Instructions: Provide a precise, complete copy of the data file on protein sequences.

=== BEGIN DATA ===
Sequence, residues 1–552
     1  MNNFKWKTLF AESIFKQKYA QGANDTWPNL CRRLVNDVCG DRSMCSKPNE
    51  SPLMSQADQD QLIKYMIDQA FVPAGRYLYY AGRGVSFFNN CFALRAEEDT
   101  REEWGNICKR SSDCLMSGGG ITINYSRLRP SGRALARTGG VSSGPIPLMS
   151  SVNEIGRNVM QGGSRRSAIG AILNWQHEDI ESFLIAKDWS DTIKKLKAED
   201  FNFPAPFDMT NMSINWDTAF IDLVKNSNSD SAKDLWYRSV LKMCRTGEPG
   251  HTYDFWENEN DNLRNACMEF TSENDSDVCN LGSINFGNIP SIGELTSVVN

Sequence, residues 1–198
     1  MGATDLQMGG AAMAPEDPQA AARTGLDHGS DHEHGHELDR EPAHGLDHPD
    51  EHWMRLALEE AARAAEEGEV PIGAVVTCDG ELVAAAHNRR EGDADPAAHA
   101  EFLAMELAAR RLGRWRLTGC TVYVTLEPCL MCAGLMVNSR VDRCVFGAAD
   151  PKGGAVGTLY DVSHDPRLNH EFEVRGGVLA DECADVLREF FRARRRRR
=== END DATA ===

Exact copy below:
Sequence, residues 1–552
     1  MNNFKWKTLF AESIFKQKYA QGANDTWPNL CRRLVNDVCG DRSMCSKPNE
    51  SPLMSQADQD QLIKYMIDQA FVPAGRYLYY AGRGVSFFNN CFALRAEEDT
   101  REEWGNICKR SSDCLMSGGG ITINYSRLRP SGRALARTGG VSSGPIPLMS
   151  SVNEIGRNVM QGGSRRSAIG AILNWQHEDI ESFLIAKDWS DTIKKLKAED
   201  FNFPAPFDMT NMSINWDTAF IDLVKNSNSD SAKDLWYRSV LKMCRTGEPG
   251  HTYDFWENEN DNLRNACMEF TSENDSDVCN LGSINFGNIP SIGELTSVVN

Sequence, residues 1–198
     1  MGATDLQMGG AAMAPEDPQA AARTGLDHGS DHEHGHELDR EPAHGLDHPD
    51  EHWMRLALEE AARAAEEGEV PIGAVVTCDG ELVAAAHNRR EGDADPAAHA
   101  EFLAMELAAR RLGRWRLTGC TVYVTLEPCL MCAGLMVNSR VDRCVFGAAD
   151  PKGGAVGTLY DVSHDPRLNH EFEVRGGVLA DECADVLREF FRARRRRR